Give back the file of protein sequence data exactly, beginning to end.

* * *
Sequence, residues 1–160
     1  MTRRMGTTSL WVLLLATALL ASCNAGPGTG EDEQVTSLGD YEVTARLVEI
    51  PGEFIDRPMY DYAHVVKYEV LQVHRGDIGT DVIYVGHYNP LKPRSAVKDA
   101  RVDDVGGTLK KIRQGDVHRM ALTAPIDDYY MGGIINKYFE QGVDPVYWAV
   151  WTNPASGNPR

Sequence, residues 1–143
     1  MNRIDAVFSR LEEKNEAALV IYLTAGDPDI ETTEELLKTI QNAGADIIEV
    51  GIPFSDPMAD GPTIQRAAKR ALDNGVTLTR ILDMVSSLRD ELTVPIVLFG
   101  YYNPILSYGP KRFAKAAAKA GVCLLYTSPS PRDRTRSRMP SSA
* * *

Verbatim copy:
Sequence, residues 1–160
     1  MTRRMGTTSL WVLLLATALL ASCNAGPGTG EDEQVTSLGD YEVTARLVEI
    51  PGEFIDRPMY DYAHVVKYEV LQVHRGDIGT DVIYVGHYNP LKPRSAVKDA
   101  RVDDVGGTLK KIRQGDVHRM ALTAPIDDYY MGGIINKYFE QGVDPVYWAV
   151  WTNPASGNPR

Sequence, residues 1–143
     1  MNRIDAVFSR LEEKNEAALV IYLTAGDPDI ETTEELLKTI QNAGADIIEV
    51  GIPFSDPMAD GPTIQRAAKR ALDNGVTLTR ILDMVSSLRD ELTVPIVLFG
   101  YYNPILSYGP KRFAKAAAKA GVCLLYTSPS PRDRTRSRMP SSA